For much of George W. Bush's second term, the president was the object of derision and jokes. Upon leaving office, he had quite a low popularity rating.
As time has passed, however, how does our previous president's reputation hold up? And how does it compare to our current president? Victor Davis Hanson has some answers and opinions.
George W. Bush left office in January 2009 with one of the lowest job-approval ratings for a president (34 percent) since Gallup started compiling them — as compared to Harry Truman’s low of 32 percent, Richard Nixon’s of 24 percent, and Jimmy Carter’s of 34 percent — and to the general derision of the media.
All that hysteria once led to Charles Krauthammer’s identification of “Bush Derangement Syndrome” — a pathology in which the unbalanced seemed to channel all their anxieties, frustrations, and paranoias onto George W. Bush. And yet, following 9/11, Bush had calmly led the nation and enjoyed one of the highest positive appraisals of any president since the advent of modern polling, when for months he registered a 90 percent approval rating; indeed, he averaged a 62 percent approval rating over his first four years.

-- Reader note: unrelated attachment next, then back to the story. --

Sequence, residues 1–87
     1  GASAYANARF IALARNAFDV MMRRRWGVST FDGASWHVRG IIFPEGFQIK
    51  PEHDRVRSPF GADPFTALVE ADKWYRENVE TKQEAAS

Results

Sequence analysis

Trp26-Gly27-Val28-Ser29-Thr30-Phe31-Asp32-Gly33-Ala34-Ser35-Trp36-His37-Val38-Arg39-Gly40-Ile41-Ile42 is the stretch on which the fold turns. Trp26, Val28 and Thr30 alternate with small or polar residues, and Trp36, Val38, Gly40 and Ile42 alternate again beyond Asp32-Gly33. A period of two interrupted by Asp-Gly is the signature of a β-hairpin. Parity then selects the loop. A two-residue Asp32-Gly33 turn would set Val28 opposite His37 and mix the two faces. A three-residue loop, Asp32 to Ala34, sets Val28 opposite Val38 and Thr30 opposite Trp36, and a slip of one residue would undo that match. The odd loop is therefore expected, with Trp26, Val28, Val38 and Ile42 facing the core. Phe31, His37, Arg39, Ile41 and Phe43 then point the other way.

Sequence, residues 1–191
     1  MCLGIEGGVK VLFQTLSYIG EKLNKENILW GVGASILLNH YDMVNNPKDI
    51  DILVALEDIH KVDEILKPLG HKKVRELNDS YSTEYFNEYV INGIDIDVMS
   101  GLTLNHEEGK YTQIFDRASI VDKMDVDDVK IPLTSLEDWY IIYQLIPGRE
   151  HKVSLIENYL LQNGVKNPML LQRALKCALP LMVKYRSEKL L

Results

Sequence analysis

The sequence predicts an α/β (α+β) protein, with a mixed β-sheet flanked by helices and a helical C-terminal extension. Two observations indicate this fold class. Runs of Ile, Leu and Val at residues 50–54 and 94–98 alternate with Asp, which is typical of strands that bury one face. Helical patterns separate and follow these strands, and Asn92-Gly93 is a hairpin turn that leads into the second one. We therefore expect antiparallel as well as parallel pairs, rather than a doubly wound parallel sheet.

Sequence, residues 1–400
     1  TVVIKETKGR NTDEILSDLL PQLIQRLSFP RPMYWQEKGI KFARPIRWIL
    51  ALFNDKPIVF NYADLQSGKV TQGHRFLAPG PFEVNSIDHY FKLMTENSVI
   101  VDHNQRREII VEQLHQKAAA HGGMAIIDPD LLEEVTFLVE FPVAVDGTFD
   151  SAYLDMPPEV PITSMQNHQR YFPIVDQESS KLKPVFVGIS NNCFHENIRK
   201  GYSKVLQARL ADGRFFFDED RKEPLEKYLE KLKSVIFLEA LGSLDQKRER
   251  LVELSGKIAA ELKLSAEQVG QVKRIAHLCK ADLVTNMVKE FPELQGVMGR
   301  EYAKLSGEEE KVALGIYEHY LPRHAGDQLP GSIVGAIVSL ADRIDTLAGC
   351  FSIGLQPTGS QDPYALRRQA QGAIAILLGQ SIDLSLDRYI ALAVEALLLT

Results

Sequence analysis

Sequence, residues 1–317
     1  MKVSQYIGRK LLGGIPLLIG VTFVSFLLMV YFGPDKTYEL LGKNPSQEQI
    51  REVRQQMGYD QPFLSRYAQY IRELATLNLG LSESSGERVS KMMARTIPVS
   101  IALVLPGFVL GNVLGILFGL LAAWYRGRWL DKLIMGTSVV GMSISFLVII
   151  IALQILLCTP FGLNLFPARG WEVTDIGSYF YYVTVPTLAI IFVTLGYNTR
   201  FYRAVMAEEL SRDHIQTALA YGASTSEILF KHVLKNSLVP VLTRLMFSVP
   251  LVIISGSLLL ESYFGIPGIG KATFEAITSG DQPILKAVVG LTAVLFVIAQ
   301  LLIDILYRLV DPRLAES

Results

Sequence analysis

Yet, as with all presidents, with time and a successor come perspective. So it is not hard to see why the out-of-office Bush’s likability ratings are slowly inching back up — most recently to 46 percent. For reflection on Bush’s eight years in office, take a look back at the six aspects of his presidency that harmed his popularity most.